Seventy-six First Nations communities remain under an advisory to boil drinking water – including several in Alberta, according to new information from Health Canada.

Nearly 60 per cent of reserve drinking water systems in Alberta remain "at risk," and of the province's 78 First Nations water operators – only 14 are fully certified.

That's despite the fact the federal Department of Indian and Northern Affairs has spent almost $2 billion to upgrade systems in the past five years.

CBC News filed access-to-information requests to obtain water audits on reserves in 2001, and compared that data with current information.

Among the findings:

  • Drinking water in two-thirds of First Nations communities remains "at risk," compared to three-quarters of all such communities in 2001.
  • Sixty-two per cent of water-system operators serving native communities aren't properly certified.
  • Some of the 76 reserves still under boil-water advisories have been in that position for years. People are forced to rely on bottled water for drinking, cooking and brushing their teeth, and some residents say the water is too dirty even for bathing.

  • Bob Pratt, water manager for the Gordon First Nation in southern Saskatchewan, says his community has just installed a new filtration system to fix a long-standing health hazard – dangerous levels of arsenic in the water.

    "We are now down under the guidelines," he said. "With our new process, we hope to take all of the arsenic out of the water. But for all those years... I've had questions I can't answer."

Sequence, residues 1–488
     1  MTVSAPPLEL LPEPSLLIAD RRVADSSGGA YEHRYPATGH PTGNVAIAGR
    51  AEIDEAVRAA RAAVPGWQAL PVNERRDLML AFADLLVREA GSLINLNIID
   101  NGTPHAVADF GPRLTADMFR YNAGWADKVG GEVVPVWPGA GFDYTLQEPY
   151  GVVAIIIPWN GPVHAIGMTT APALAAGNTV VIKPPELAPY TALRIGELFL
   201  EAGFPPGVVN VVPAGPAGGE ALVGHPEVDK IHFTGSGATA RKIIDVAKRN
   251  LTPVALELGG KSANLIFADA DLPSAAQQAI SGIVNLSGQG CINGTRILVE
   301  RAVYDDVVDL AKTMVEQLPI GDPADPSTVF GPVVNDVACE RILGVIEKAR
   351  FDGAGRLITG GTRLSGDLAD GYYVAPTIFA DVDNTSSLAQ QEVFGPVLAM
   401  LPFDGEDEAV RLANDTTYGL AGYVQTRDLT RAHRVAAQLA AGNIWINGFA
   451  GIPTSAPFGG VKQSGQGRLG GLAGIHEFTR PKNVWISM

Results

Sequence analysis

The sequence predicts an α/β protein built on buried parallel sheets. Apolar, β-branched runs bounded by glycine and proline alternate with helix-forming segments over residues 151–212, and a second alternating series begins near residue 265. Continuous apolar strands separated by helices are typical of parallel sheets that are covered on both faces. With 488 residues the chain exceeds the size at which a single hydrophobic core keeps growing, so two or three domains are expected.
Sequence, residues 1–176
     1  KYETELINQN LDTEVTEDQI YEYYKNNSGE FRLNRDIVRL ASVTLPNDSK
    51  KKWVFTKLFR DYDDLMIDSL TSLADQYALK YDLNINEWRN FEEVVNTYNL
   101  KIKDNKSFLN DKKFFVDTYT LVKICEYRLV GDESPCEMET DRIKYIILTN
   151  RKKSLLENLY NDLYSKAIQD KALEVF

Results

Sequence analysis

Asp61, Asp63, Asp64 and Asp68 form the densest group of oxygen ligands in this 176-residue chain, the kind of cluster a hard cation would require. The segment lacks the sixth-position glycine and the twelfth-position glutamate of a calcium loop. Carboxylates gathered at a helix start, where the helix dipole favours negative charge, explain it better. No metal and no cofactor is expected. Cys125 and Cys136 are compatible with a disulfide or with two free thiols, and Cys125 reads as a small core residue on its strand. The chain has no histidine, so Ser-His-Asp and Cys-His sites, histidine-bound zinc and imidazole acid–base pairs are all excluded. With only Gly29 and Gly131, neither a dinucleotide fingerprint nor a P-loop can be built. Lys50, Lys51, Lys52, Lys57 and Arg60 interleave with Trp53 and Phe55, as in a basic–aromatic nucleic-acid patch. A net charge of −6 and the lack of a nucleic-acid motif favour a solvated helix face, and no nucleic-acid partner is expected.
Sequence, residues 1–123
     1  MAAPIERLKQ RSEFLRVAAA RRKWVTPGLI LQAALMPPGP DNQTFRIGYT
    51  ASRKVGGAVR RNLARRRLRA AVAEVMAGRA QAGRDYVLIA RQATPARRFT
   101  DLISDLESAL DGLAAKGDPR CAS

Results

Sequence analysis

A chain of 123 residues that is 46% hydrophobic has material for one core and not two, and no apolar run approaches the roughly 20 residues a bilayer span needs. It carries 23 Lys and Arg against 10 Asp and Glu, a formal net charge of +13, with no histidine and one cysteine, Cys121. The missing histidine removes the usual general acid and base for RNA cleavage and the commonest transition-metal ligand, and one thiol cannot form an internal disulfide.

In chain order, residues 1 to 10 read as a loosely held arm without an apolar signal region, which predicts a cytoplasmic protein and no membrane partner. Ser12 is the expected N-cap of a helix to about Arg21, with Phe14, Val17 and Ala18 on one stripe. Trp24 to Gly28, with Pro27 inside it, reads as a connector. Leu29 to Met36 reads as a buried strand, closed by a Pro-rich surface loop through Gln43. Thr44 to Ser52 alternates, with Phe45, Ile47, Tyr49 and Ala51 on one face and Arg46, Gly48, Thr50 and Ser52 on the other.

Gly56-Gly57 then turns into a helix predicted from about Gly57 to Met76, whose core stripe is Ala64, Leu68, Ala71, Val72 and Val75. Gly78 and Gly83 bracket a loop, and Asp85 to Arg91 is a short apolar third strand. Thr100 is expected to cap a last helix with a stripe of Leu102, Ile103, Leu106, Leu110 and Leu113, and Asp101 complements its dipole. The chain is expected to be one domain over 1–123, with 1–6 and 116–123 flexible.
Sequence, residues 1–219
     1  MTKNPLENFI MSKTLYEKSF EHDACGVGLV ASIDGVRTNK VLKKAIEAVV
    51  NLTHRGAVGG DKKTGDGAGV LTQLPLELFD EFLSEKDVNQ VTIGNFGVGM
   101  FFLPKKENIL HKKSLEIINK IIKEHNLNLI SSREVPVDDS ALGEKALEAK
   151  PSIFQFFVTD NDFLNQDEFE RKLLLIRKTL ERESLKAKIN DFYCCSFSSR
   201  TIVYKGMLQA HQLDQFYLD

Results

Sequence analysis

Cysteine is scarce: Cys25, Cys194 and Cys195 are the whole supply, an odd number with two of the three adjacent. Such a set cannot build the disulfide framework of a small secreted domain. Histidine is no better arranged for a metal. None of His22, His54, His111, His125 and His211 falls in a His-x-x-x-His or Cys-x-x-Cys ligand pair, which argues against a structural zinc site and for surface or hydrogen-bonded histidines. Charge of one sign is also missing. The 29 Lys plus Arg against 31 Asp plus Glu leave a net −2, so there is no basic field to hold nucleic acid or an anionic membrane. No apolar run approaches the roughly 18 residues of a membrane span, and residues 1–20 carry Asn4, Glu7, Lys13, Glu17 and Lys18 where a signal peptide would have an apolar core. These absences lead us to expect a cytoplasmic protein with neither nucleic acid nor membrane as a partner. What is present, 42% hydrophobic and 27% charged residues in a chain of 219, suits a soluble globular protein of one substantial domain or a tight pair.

Pratt is among the many water operators who are not properly certified to run the systems in their communities. He requires another year of training.

    "The focus, it seems to me, [has] been on equipment, rather than on personnel."

    Steve Hrudey, a professor of environmental health and a water-quality specialist from the University of Alberta, can't understand why First Nations still lag behind non-native communities when it comes to safeguarding water.

    "Often facilities are designed and put in place by people who don't have to operate them," he said. "They leave behind a manual and they leave town."

    He points out that bureaucrats in Ottawa seem to understand that you have to put trained public health nurses in the communities.

    "Why can't you put trained water operators in there? Obviously [you] have to pay them, and you have to invest in a program that will make sure they know what they're doing, but that doesn't seem to be happening, and I can't tell you why."

    Canada's commissioner of the environment and sustainable development, Johanne Gelinas, recently called for stricter controls and monitoring of how Indian and Northern Affairs Canada is trying to fix the problems.

    There are still no laws or regulatory standards similar to those in non-native communities, when it comes to drinking water for the about 325,000 residents of Canada's First Nations reserves, Gelinas, who works in the auditor general's office, pointed out.